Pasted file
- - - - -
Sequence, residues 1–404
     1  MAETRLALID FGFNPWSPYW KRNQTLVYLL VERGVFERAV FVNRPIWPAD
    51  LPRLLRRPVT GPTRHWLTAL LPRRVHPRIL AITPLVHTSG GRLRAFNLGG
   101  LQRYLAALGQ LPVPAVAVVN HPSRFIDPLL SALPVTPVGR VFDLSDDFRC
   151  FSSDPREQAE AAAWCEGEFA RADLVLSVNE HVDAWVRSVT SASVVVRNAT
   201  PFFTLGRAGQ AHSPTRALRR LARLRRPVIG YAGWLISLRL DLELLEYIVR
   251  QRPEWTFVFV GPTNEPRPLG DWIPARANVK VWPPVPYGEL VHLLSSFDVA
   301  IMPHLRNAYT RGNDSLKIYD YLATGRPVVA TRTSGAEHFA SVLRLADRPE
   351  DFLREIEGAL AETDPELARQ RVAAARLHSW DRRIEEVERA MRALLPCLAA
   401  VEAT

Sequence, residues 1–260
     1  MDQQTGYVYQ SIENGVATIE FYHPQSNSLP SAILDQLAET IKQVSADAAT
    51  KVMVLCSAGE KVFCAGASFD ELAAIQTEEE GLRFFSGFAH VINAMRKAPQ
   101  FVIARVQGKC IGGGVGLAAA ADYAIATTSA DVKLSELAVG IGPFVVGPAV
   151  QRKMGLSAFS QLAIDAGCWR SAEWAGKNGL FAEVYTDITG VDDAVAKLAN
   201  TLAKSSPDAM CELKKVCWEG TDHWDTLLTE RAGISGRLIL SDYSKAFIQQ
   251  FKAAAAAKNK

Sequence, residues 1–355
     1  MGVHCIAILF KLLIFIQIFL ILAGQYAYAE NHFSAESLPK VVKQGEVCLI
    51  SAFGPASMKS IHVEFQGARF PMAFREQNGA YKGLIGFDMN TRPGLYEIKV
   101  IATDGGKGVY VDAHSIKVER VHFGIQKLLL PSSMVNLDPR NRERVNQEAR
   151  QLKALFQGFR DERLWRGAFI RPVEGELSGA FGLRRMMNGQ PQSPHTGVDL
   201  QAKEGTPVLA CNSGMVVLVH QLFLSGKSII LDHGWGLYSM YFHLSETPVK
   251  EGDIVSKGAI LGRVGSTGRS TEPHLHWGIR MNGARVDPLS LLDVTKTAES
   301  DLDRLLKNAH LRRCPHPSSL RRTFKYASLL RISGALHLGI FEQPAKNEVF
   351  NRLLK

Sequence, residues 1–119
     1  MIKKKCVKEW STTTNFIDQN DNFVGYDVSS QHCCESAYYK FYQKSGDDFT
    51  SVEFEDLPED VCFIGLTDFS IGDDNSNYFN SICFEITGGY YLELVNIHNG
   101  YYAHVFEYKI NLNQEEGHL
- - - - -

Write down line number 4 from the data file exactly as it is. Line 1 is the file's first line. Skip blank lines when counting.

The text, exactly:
   101  LQRYLAALGQ LPVPAVAVVN HPSRFIDPLL SALPVTPVGR VFDLSDDFRC